An extensive cross reference to our tribal pages on AccessGenealogy. What was initially a large exhaustive list of resources found at AccessGenealogy for each tribe in the United States is being converted into a cross reference for the tribal pages themselves. The list of resources for each tribe being now found on the tribal page. In this way, we can concentrate on providing more obscure tribal spellings while still directing you to the appropriate tribal page. On the tribal pages you will find a description of the tribe, villages which the tribe was known to reside, gens and clans, culture, religion, as well as references to other works found on our website. This is a large work in progress, and you’ll see much movement of information in the coming months.
The scope of the Handbook is as comprehensive as its function necessitates. It treats of all the tribes north of Mexico, including the Eskimo, and those tribes south of the boundary more or less affiliated with those in the United States. It has been the aim to give a brief description of every linguistic stock, confederacy, tribe, subtribe or tribal division, and settlement known to history or even to tradition, as well as the origin; and derivation of every name treated, whenever such is known, and to record under each every form of the name and every other appellation that could be learned. For AccessGenealogy, this is the basis of our tribal descriptions from which we’ve grown the Native American section of our site. We simply believe it to be indispensable to the Native American researcher.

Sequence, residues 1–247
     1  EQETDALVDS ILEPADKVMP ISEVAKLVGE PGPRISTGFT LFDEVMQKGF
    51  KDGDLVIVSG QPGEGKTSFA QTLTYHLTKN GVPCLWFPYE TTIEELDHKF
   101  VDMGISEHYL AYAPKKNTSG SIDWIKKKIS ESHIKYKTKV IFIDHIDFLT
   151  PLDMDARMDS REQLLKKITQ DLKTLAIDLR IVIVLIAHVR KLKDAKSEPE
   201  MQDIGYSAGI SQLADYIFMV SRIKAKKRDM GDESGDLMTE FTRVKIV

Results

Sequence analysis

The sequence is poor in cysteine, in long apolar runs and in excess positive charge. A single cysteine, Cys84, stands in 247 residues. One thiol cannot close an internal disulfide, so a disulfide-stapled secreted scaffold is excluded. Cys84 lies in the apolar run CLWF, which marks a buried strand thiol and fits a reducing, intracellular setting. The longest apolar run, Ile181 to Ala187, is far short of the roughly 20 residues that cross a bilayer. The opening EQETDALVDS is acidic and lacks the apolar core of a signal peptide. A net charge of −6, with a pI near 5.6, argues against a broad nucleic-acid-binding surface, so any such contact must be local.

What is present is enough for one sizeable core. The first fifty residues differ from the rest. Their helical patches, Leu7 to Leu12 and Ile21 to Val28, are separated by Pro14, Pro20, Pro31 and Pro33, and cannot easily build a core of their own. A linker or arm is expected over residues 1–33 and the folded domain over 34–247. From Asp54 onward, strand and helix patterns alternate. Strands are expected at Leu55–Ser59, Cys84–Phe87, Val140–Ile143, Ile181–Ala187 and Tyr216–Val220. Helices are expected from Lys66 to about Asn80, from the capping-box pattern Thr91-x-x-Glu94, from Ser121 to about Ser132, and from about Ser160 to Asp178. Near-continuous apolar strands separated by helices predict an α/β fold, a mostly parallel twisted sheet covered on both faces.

Swanton’s The Indian Tribes of North America is a classic example of early 20th Century Native American ethnological research. Published in 1953 in Bulletin 145 of the Bureau of American Ethnology, this manuscript covers all known Indian tribes broken down by location (state). AccessGenealogy’s online presentation provides state pages by which the user is then either provided a brief history of the tribe, or is referred to a more in-depth ethnological representation of the tribe and it’s place in history. This ethnology usually contains the various names by which the tribe was known, general locations of the tribe, village names, brief history, population statistics for the tribe, and then connections in which the tribe is noted.